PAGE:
21 thoughts on “Is Your Book Blog Search Friendly?”
Pingback: Breathe New Life Into Old Blog Content : BookerTalk
Pingback: What does an SEO expert’s day look like? – Affordable SEO Services
A writer friend was an SEO guru so she taught several of us everything she knew. This was years back – It’s too much work.
When I was a newbie blogger, I thought and thought about some of these things, but now that I’ve been blogging for twelve years, I have just given up on all that and focused on blogging for fun. Thanks for sharing these tips. Maybe I should focus on some of these things again!
I had never thought about using the words that people search with to arrive at my blog as a guide to what I should include in my posts! Great idea – thanks Karen.
This was an even more useful tip that I first thought. I hadn’t checked the stats page on blogger for ages. They’ve updated it!!!!! I thought the powers that be had completely forgotten blogger and nothing new would ever happen. Maybe they may even fix the commenting problems one day (won’t hold my breath though)!
I was also surprised to see pinterest so high on my referring list.
Daunting. I have never paid any attention to searchability. I religiously fill in the Category & Tags for each post, and do include links where appropriate . But other than that? nope.
Lets face it: I’m a lazy amateur.
Well at least you are doing the tags and categories, That’s a start 🙂
Great tips, thanks – I’m going to look into all of this when I have more time. I have not done anything about searchability!
You don’t need to do all of it in one go. Maybe just start with one of the techniques, get used to that to the point where its a natural habit, then pick up another one
I do very little to encourage people to find me so I am always astonished and excited when I appear on the first page of a google search. BTW although we all do use google, it collects an alarming amount of information about searchers, and for everything except obscure literature I search using DuckDuckGo.
I hadn’t heard of DuckDuckGo so have been exploring it for the last hour. Interesting to see that they have been going for so many years yet have still low visibility – it just shows the dominance that Google has on this space. Also interesting that they never set out as a business based on privacy; they were just a regular search tool, the privacy angle materialised after a few years. They are still mirroring Google in many ways though – the tabs on the menu are almost identical. The search didn’t prove as effective as Google though…..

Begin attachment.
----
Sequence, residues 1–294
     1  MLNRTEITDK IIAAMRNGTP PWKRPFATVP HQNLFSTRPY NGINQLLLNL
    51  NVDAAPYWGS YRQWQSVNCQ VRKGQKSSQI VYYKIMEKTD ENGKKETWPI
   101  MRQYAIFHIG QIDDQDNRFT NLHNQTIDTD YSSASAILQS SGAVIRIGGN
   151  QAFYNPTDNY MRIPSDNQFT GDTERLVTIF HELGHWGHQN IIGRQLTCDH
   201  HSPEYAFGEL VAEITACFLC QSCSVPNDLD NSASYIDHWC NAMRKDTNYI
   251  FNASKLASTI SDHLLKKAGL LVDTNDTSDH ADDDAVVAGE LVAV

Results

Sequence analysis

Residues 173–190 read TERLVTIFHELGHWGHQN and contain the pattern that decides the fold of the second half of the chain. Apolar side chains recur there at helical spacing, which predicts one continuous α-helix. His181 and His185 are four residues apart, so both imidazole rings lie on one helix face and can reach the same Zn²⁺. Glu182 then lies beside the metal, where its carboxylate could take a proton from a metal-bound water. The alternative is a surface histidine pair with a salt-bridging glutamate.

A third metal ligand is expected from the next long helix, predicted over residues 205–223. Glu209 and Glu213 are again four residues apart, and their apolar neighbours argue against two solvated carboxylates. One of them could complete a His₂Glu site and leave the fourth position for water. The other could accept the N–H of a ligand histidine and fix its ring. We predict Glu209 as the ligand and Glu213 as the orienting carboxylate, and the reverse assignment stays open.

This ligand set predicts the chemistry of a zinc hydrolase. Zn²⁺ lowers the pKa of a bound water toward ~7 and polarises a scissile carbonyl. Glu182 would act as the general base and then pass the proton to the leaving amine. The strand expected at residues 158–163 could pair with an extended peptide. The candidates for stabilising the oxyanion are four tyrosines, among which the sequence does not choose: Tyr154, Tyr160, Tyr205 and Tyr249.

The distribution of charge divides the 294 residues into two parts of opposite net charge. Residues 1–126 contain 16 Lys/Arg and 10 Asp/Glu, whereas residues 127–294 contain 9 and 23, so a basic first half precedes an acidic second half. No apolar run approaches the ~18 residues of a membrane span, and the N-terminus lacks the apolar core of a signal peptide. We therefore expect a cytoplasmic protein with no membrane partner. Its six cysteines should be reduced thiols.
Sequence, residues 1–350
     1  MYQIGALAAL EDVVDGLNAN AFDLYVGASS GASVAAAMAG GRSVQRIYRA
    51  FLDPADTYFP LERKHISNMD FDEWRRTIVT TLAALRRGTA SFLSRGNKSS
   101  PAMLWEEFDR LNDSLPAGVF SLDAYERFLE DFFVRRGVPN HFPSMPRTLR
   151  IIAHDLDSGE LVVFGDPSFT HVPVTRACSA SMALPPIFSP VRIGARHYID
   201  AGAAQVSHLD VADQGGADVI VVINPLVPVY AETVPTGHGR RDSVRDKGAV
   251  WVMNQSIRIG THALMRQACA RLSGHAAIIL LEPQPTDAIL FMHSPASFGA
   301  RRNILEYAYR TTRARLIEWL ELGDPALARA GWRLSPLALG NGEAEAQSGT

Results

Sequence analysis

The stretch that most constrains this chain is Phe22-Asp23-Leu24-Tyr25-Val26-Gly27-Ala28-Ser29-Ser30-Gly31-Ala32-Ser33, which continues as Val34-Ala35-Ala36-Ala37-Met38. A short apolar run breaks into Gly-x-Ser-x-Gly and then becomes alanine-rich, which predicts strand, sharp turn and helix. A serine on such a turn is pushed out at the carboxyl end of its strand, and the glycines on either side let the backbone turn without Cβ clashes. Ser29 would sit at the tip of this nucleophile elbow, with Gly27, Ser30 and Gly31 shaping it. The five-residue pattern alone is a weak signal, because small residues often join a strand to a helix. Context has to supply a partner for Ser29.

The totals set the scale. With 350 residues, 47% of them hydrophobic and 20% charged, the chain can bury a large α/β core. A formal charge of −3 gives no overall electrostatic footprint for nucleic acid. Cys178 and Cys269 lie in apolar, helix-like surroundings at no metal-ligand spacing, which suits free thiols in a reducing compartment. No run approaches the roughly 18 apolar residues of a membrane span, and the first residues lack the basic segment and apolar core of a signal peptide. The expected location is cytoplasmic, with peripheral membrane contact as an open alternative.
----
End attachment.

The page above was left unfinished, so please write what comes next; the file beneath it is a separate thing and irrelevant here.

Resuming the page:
Forgot to say that in my trawl through DuckDuckGo I found some interesting articles about how to protect your privacy in other ways on the Internet. So thanks for pointing me to that helpful stuff 🙂
You’re welcome. I use it as my default search, but as you say it doesn’t always bring up everything you want.
maybe not but it’s a site I’ll check out again periodically because it might throw up something that Google buried in their results
Good food for thought here! I have a basic SEO checklist that I apply to every post. But….I tend to get lost quickly when I ho beyond the basics! I’m learning about all this very slowly …but then I think I’m only approaching my 3rd anniversary and when I look back to year one, I’ve learned a lot!
Re the permalink…. I’m always afraid to mess with it because I think I’ve heard that if you change it that you will need a redirect page for older posts and I don’t know how to manage that. Mine has the date plus my blog title …like whisperinggums commented…I’m not sure I care that my date is there. Book reviews are not dependent on a date….they don’t become outdated. Even though I wouldn’t mind having it gone to make the url shorter, I also don’t want the hassle of changing it if it causes issues.
I do look look at my DA authority from time to time out of curiosity. It came up a couple of points after about a year when I was more focused on SEO….but I really noticed a jump as I started updating my old posts!